The Teal Cat Project takes vintage ceramic kitty statues, paints them a beautiful teal color and gives each “newly born” cat a numbered tag for authenticity. The kitties are then ready for adoption by cat lovers, who scoop them up so fast that each “litter” (between 100 to 150 cats) is sold out in just a few days! The teal cats come in three sizes and sell for $25 to $35. The Teal Cat Project also recently started selling T-shirts.

The Teal Cat Project is a win-win for cat lovers and cat rescue groups alike. Cat lovers get a unique collectible, and cat rescue groups get help with their Trap-Neuter-Return (TNR) programs aimed at controlling feral cat population growth. Each Teal Cat campaign supports a different TNR group in a new city, so the money raised can help feral kitties all across America.  The Teal Cat Project is also planning to branch out to other animals (think bunny and doggie tchotchkes!) who will each have their own special color and cause.

I caught up with The Teal Cat Project’s founder recently, to learn a little more about this unique charity. (If you want to get one of the kitties from the next litter, follow them on Facebook!).

How and why did you decide on the color teal for the cat makeovers?

Isa Chandra Moskowitz: I just liked the color and it felt like something that would look great in homes. As it turns out, teal is also the color of National Feral Cat Day, so it worked out well.

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Should You Rescue a Stray Dog or Cat?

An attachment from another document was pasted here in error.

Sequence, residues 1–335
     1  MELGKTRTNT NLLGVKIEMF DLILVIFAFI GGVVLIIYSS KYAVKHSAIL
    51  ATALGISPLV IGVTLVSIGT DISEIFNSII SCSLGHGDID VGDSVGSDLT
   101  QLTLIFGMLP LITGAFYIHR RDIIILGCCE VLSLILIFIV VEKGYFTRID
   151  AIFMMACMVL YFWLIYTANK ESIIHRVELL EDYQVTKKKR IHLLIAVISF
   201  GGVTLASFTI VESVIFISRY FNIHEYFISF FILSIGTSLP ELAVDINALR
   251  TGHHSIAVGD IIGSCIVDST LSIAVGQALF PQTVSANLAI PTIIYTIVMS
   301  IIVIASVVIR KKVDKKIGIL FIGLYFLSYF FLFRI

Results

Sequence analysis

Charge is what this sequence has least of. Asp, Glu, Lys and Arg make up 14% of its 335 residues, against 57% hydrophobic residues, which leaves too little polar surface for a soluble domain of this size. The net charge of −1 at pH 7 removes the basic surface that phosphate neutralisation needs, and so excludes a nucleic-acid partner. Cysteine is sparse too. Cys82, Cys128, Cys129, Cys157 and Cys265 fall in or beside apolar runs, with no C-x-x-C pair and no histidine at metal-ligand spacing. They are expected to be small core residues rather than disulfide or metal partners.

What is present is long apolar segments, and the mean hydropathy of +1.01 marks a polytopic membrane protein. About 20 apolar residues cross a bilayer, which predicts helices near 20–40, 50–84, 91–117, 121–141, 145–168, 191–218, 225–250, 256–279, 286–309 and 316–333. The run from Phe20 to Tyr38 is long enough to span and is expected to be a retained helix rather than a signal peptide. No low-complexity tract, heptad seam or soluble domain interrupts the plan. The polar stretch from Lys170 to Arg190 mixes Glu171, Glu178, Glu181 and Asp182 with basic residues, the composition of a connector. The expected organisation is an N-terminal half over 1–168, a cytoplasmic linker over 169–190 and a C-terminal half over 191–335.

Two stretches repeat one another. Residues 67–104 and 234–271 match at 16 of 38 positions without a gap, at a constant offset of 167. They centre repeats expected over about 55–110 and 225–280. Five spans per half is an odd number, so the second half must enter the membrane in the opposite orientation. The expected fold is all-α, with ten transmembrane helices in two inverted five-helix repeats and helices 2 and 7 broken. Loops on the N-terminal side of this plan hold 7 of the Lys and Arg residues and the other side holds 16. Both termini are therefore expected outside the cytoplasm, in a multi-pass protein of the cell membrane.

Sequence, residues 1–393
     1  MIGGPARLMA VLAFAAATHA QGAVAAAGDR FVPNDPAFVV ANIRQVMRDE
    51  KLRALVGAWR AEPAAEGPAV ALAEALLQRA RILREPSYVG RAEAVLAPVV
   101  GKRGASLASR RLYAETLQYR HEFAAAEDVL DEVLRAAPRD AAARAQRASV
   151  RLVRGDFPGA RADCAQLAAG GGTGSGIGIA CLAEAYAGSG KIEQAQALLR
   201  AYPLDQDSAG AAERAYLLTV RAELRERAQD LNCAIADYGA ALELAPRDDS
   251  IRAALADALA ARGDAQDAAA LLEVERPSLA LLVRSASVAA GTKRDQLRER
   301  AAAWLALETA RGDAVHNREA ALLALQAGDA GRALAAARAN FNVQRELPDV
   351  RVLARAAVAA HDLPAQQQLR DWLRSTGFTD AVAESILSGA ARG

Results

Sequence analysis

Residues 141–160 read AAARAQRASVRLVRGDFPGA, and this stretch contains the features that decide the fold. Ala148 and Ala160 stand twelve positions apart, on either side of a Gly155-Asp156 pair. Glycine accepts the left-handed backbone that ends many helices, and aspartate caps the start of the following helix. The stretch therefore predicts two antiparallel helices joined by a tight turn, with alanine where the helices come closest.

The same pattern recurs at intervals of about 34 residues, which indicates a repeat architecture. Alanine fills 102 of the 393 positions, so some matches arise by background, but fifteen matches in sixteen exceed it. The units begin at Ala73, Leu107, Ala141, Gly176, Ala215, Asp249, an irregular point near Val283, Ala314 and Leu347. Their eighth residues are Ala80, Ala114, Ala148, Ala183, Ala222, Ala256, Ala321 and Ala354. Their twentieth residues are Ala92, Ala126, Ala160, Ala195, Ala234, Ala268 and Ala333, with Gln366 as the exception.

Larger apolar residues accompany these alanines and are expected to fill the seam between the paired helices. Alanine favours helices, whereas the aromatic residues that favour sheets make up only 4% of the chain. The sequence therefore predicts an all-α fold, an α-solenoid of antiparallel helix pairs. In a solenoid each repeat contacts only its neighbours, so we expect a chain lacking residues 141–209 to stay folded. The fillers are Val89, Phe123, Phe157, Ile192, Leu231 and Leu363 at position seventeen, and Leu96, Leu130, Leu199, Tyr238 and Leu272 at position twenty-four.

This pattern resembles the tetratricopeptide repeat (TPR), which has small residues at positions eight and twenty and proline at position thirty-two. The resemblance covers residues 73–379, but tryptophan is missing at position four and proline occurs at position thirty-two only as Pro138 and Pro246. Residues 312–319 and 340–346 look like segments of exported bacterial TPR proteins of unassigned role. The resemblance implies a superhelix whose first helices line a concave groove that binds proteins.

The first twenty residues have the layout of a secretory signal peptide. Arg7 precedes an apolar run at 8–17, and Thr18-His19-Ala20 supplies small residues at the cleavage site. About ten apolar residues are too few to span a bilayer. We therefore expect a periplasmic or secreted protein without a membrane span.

By Linda Cole

The area where I live doesn’t have a lot of options for stray dogs or cats. We have one no-kill shelter that’s full, and one vet clinic that will only hold a stray for three days before euthanizing them. Other than that, a lost pet’s only hope is from people who open up their homes to a stray. If I find a pet in need, I will rescue them. There’s no way I can turn a blind eye. If you do decide to help a stray, however, you need to make sure that the pet is really a stray and not an outside cat patrolling his territory or a dog enjoying an off leash run.

A stray dog or cat doesn’t understand you’re trying to help them, and a pet that’s been lost for a long time may be wary of humans or have aggressive tendencies resulting from their experience on the street. But when you find a stray that’s malnourished or injured, they need your help. And if you can’t help them, it doesn’t take long to make a few phone calls to a shelter, rescue organization or animal control official to make sure the pet gets the help they need.

I’ve always had a sympathetic heart for stray pets. As a kid, I wanted Dad to stop the car every time I saw a cat wandering along a country ditch. Of course he didn’t, and assured me the cat most likely lived at some farmhouse close by. As I got older I knew some of the cats I saw were lost, but I also understood picking up every cat wasn’t right either because the cat could belong to a family nearby.

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Taming a Feral Cat

By Tamara L. Waters

Having lived in the country my entire life, feral cats have always been a way of life. They are everywhere, and they multiply at the rate of two or three litters per year. Each litter averages four to six kittens that can begin reproducing at around five months of age. It’s easy to see how feral cat populations grow out of control.

It’s estimated that there are more than 10 million feral cats in the United States. The only difference between stray cats and feral cats is that strays were once someone’s pet. They became lost or abandoned and live wild, scavenging as they are able. Cats later born to these strays have not had close human contact and become feral cats. Feral cats generally stay far away from humans, presenting another tricky issue: how do we cut down on the population?